Analysis of Aromatic Components in Tomato Juice
Y. Kawakita, Y. Sakamoto
First Published: Shimadzu Application News, Shimadzu Corporation, January 2021 (https://www.shimadzu.com/an/literature/m311.html)
It is known that taste, texture, and flavor are important elements of the “deliciousness” of food. In the recent food and beverage markets, differentiation from other products has been promoted through product development with the aims of higher quality and higher functionality.Breeding and selection of food materials is one method for achieving differentiation. For example, it is known that the genetic differences between farm products influence differences in their aromatic components. Vegetable and fruit drinks are also marketed as foods with health claims which do not contain flavor additives, heightening the need forevaluation of differences in the materials (products) themselves. In Application News No. M310, a multivariate analysis in the metabolites in three types of tomato juice was carried out, and the differences in the components contributing to taste and functional components between the products were introduced.In this article, an analysis of aromatic components by the headspace (HS) method was conducted using the same three commercially-available tomato juices as in No. M310, and deconvolution and multivariate analysis were conducted using the AnalyzerPro software (SpectralWorks Ltd.), as introduced here.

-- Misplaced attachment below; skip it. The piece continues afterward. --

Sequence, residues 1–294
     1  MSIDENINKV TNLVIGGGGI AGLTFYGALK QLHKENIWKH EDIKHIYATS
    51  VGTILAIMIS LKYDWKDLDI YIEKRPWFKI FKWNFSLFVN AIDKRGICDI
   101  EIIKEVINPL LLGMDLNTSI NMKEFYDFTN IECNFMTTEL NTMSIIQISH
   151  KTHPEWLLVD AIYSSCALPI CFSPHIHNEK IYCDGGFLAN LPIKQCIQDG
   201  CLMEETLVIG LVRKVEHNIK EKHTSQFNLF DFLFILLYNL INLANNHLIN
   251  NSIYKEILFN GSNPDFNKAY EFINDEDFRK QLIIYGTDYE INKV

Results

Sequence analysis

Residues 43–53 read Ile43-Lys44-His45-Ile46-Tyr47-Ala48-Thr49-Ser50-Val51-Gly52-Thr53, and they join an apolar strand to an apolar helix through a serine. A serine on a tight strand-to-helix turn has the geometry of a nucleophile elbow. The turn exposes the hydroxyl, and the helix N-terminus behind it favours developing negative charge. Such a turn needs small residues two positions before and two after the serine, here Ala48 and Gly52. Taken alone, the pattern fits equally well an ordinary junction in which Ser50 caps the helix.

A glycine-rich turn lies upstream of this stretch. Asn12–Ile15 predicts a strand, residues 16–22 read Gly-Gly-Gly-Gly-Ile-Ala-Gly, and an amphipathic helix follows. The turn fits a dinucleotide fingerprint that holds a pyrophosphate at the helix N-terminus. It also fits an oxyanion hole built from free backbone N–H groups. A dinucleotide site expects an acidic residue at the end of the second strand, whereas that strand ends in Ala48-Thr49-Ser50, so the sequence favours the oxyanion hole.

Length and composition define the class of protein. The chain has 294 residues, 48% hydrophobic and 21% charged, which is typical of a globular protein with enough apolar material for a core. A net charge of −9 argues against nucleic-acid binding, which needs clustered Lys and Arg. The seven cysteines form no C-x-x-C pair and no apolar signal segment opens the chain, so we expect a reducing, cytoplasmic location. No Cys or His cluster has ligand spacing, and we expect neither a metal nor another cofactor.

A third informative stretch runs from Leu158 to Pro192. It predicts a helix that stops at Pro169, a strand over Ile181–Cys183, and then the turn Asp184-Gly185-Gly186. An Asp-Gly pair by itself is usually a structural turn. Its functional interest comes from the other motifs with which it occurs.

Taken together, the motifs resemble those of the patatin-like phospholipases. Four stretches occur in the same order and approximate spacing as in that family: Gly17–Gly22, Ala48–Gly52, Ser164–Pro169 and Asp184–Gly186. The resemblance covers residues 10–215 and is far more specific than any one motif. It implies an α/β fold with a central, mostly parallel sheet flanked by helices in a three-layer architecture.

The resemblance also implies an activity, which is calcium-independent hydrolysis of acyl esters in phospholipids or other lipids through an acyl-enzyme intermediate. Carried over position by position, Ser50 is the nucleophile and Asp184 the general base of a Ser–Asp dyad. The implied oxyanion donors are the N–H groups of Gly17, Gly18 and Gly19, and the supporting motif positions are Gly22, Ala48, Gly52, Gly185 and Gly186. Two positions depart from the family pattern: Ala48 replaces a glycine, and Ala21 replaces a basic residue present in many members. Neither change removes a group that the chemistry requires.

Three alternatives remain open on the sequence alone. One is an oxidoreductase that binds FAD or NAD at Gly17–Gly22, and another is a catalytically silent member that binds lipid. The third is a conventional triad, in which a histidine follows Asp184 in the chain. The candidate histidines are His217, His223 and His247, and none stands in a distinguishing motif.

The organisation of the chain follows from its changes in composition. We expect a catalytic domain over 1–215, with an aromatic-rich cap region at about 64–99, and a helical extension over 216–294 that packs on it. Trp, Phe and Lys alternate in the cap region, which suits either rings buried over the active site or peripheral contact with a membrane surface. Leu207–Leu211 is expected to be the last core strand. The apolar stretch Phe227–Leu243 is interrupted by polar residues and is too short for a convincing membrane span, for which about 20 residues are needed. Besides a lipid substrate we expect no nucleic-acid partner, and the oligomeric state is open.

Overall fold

Sample Preparation and Analysis Conditions
Three types of commercially-available tomato juice were used as samples. These products were selected because raw their materials used in production were limited to only tomatoes or tomatoes and common salt (table salt). A Shimadzu headspace (HS) gas sampler was used to capture the aromatic components. The trap model of the HS-20 headspace gas sampler series features a built-in electronic cooling trap and enables high sensitivity analysis by concentrating aromatic components. Samples containing moisture can also be analyzed by concentrating low boiling point compounds to high boiling-point compounds. Analysis samples were prepared by taking 5 mL of the tomato juice in a 20 mL headspace vial and adding 10 μL of a 10 μg/mL solution of p-bromofluorobenzene (methanol) as an internal standard. Table 1 shows the measurement conditions.
Fig. 1 shows the TICCs (total ion current chromatograms) of the tomato juices. The substances detected in common in all three samples included aldehydes (acetaldehyde, pentanal, furfural, etc.), sulfides (dimethyl sulfide, dimethyl disulfide, dimethyl trisulfide), furans (furan, 2-methylfuran, 2-pentylfuran, etc.), ketones (2-butanone, etc.), and terpenes (d-limonene, pcymene, etc.), among others.
AnalyzerPro (SpectralWorks Ltd.) is a software program that can carry out the entire series of processes from direct reading of the data acquired by a Shimadzu GC-MS, deconvolution, peak detection, library search, alignment and compare the differences between samples. In multivariate analyses, it can conduct principal component analysis (PCA) and volcano plots for two-group comparisons. Fig. 2 shows the analysis window of